12. http://articles.timesofindia.indiatimes.com/2013-08-16/india/41416736_1_road-accidents-road-fatalities-road-ministry Roads in Punjab most fatal in India Dipak Kumar Dash, TNN Aug 16, 2013, 04.02AM IST NEW DELHI: Chances of getting killed in a road accident is the highest in Amritsar and in the country's Mercedes capital Ludhiana. Latest data on road fatalities shows that at least six people died in every 10 road crashes in these two cities in 2012 against only three in Delhi, which recorded maximum fatalities in 2012. Though Mumbai recorded the highest number of accidents among 50 million-plus cities, the fatality rate was only 2%. The 'Road Accidents in India' report prepared by the transport research wing of the road ministry also shows that roads in Punjab are proving to be fatal for commuters. The severity of accident - deaths per 100 mishaps - in the state has been increasing in the past four years. While it was 65.9% in 2009, this increased to 76% in 2012. "Ludhiana and Amritsar are the worst examples. But the state as a whole is also losing over 4,800 lives in road accidents. We have heterogeneous traffic, little enforcement of no-entry timings and huge problem of drink driving," said Dr Kamalzit Singh Soi, vice-chairman of Punjab Road Safety Council. The industrial city of Ludhiana has around 1.4 million vehicles for its 3.5 million people, of whom 20-30% are migrant labourers. Soi said traffic coming from six districts passed through the city and almost 23 km of the under-expansion Panipat-Jalandhar highway runs through the urban area. "On top of this, annually around 35 crore bottles of liquor are sold in the state that has a population of only 2.7 crore. Out of this, around 1.49 crore are women. So, we can make out how many times and how many people drive in a drunken state," he said. The ministry's data also exposes how over 80% of road fatalities are reported from smaller towns and rural areas where there is little or no traffic regulation. Out of the 1.38 lakh fatalities in road accidents last year, 1.21 lakh people died in these areas. States including Andhra Pradesh, Gujarat and Haryana have put a check on fatalities with Uttar Pradesh bringing it down from 21,512 in 2011 to 16,149 last year. Road safety expert Rohit Baluja said there was no traffic regulation or penalty on violations responsible for accidents on highways. "There are all kinds of violations including lane changing, speeding and drunk driving. We talk of traffic rule enforcement only in 12-13 cities, all important state capitals. In urban areas, where deaths have reduced, the main reason is increasing congestion. Focus of traffic police in cities has now shifted to dealing with congestion than managing traffic or enforcement," he said. Baluja also said the crackdown on drunk driving was only confined to private vehicles in cities. Cases of drunk driving accidents decline The continuous decline in accidents caused due to intake of alcohol/drugs in the past three years has come as a breather for the government. While in 2010 such violation caused 31,000 accidents, the number of such mishaps reduced to 23,979 last year. Even the fatalities have fallen from 9,976 in 2010 to 7,835 in 2012. Uttar Pradesh reported maximum fall in fatalities in this category from 4,635 in 2011 to 2,400 last year. Other states that have reported decline include Andhra Pradesh (by 50% in past three years), Maharashtra, Odisha and Rajasthan. However, there was increase in such deaths in states including Bihar, Jharkhand and Tamil Nadu for the past three years. To put a check on drunk driving, some state governments have decided not to give fresh licences for liquor shops along National Highways. Some of the cities including Delhi, Mumbai, Hyderabad and Jalandhar have intensified crack down on such offenders.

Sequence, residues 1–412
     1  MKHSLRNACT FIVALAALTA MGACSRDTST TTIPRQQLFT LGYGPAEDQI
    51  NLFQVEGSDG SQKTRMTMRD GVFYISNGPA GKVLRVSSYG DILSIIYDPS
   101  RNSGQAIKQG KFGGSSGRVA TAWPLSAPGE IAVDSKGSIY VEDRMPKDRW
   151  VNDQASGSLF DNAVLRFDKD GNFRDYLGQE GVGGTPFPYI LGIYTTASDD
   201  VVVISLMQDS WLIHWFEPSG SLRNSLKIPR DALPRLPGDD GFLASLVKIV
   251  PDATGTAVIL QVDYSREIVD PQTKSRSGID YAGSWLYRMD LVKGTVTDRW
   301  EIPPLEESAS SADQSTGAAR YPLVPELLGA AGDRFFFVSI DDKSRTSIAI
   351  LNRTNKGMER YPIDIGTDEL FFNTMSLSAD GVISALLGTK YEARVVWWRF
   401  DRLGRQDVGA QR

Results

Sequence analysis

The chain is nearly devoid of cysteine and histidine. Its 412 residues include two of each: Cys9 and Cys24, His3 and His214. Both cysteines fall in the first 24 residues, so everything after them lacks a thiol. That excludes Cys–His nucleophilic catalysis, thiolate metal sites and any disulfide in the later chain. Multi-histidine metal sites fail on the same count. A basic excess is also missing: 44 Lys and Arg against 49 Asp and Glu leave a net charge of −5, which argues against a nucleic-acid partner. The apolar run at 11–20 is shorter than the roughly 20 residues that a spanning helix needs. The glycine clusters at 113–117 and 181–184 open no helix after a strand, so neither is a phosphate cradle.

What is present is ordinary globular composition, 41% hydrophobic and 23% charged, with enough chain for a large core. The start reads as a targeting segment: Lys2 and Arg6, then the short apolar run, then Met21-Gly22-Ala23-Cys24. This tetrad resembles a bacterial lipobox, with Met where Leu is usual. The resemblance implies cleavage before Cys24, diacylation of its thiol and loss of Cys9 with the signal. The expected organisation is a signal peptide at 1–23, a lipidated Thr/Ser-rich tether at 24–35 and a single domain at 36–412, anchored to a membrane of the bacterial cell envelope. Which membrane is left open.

13. http://www.bbc.co.uk/news/uk-england-london-22795703 Old news, but still... Kulwant Singh Grewal: Indian police investigate London man's murder By Poonam TanejaBBC Asian Network Indian police are investigating the murder of a London grandfather in Punjab. The body of Kulwant Singh Grewal, 76, from Southall, west London, was found in a village near the city of Ludhiana, northern India, on 30 May. Mr Grewal had gone to India to settle a property dispute in the Punjab courts and he was last seen alive on 16 May. His family in the UK became concerned after he missed a court appearance and alerted police. 'We want justice' Mr Grewal's son Iqbal Grewal, who lives in Berkshire, said: "My mother phoned me on my mobile and said to me, 'They've just found his body'. "I just cried to myself." His family said the grandfather-of-two was stabbed to death. Mr Grewal's wife Mukhtiar Grewal has travelled to India to search for answers. "Why would anyone want to attack a 76-year-old man?" said Mr Grewal "We now want justice. "That's the only thing that will make me feel whole again. "They've taken a part of me away, whoever has done this - if they can serve life in prison for this, at least I'll get some closure." The Indian police have confirmed a murder investigation has been launched but have given no further details. No arrests have been made. Kulwant Singh Grewal, a commercial landlord, emigrated to the UK from Singapore in 1959. Although he had lived and worked in London since then, he was not a British citizen but held a Singapore passport. However, his son believes the British authorities should help. "He should be treated as a British citizen. "He has worked here and paid taxes, the British government should be helping." The Foreign and Commonwealth Office said it could not help as Mr Grewal was not a British national. But it said it had given the family a list of approved lawyers that could take up its case. http://www.tribuneindia.com/2013/20130606/ldh1.htm Blind murder of NRI cracked His millionaire brother owning a mega pizza chain in United Kingdom booked Mohit Khanna Tribune News Service Ludhiana, June 5 The city police today claimed to have cracked the blind murder of a 75-year-old NRI, Kulwant Singh Grewal, with the arrest of his 62-year-old millionaire younger brother Jaswant Singh Grewal in this connection today. Kulwant's mutilated body was found in a house located at Mehma Singh Wala village, near here, on May 30. It was a well-planned murder. After perpetrating the crime, the accused left the village and had stayed in Malaysia for nearly four weeks. The investigating officer said it was an alibi by Jawant Singh to make the police believe that he was somewhere else when the incident took place. According to the police, an old dispute between the two brothers led to Kulwant's murder. After migrating from Singapore, the Grewal family had settled in the United Kingdom. Jaswant Singh, his brother Charanjit Singh and the victim Kulwant Singh had a flourishing businesses in the UK. Jaswant's family owns a mega pizza chain in the UK. Insiders said Kulwant and Jaswant had been at loggerheads for the past 20 years. Earlier, they used to indulge in character assassination of each other's wives. They had become a laughing stock among their relatives in the UK and in the village. For the past four years, they had been fighting a legal battle over a piece of ancestral land. Kulwant had returned from the UK and started living in the house at Mehma Singh Wala village. Jaswant was fed up with repeated visits to India to attend hearing in the case. Jaswant claimed that the house was built by him and his brother Charanjit Singh. And Kulwant Singh, who had taken his share from the ancestral property long ago, and taken illegal possession of the piece of land. Owing to litigation, Kulwant had to spend some days in jail. After coming out of the jail, Kulwant had threatened Jaswant that he would send the latter and his wife to jail as well. On May 16 afternoon, Jaswant entered Kulwant's room and allegedly killed him with a sharp weapon. He dumped the weapon in the canal. On May 22, he flew to Malaysia thinking that when the villagers would come to know about the body, he would be abroad, thus no one would suspect his involvement in the murder. The villagers came to know about the body after 14 days, i.e. on May 30. Gurpreet Singh Sikand, ACP, Gill, said: "He cracked soon and confessed to killing his elder brother. Jaswant Singh has been arrested and efforts are on to locate the weapon used in the crime. Jaswant has allegedly confessed before the police that he had thrown the weapon into the Sidhwan Canal from Jassowal Bridge. Special divers have been deployed to locate the weapon." Arresting Jaswant was not an easy task as he is a UK citizen and enjoys a considerable political clout, the official said. http://www.tribuneindia.com/2013/20130611/ldh1.htm Wife's role under scanner Mohit Khanna Tribune News Service Ludhiana, June 10 In the Kulwant Singh murder case, the role of his wife Mukhtiar Kaur has come under the scanner after she appeared as a witness in the case. Kulwant Singh (75), an NRI, was allegedly killed by his younger brother Jaswant Singh (62) on May 16 at a house in Mehma Singh Wala village near Dehlon. Jaswant was recently arrested in this connection. Mukhtiar Kaur had told the police that her husband Kulwant Singh was apprehending a danger to his life from his brother Jaswant Singh, also an NRI, who owns a mega pizza chain in the UK. According to Satinder Singh, SHO of the Dehlon police station, Mukhtiar Kaur had reportedly told the police that she received a call from Kulwant a few days before the murder during which he had mentioned about a threat to his life from Jaswant. However, investigations revealed that Mukhtiar and Kulwant had strained relations and were living separately, a fact highlighted by the accused, Jaswant Singh, during the investigations. Investigating officer Swarn Singh said, "Jaswant told us that Kulwant and Mulhtiar Kaur were living separately and recently divorced each other. However, no evidence was found that the couple had divorced." Jaswant's two sons attended Kulwant Singh's bhog ceremony at a gurdwara in Mehma Singh Wala village yesterday. This had raised many an eyebrow in the village. An elderly resident said on condition of anonymity that the murder case would head for a compromise. "Mukhtiar Kaur, who stays in the UK, is not going to pursue the case. With the passage of time, the case will weaken and Jaswant will be let off. Both Mukhtiar and Kulwant had strained relations. It can be gauged from the fact that Kulwant's body kept lying dumped in a room for nearly 15 days and Mukhtiar did not bother to ask anyone about her husband's whereabouts," said the resident. Jaswant was today produced before a court, which remanded him in judicial custody for 14 days. Officer refutes charges Investigating officer refuted the allegations that the accused, Jaswant. was given a VIP treatment. He said Jaswant was not made to sit in an AC room. He said the accused was not taken to the District Courts complex in a swanky SUV as alleged A peep into the case * On June 5, the city police had arrested 62-year-old Jaswant Singh Grewal, a millionaire, for allegedly murdering his elder brother Kulwant Singh (75). A property dispute was stated to be the reason behind the murder. * Kulwant was allegedly killed by Jaswant at a house in Mehma Singh Wala village on May 16. On May 30, his mutilated body was found from the house. * In order to hoodwink the police, the accused fled to Malaysia on May 22 for four days. He flew to Malaysia to use his visit as an alibi to make the police believe that he was somewhere else when the incident took place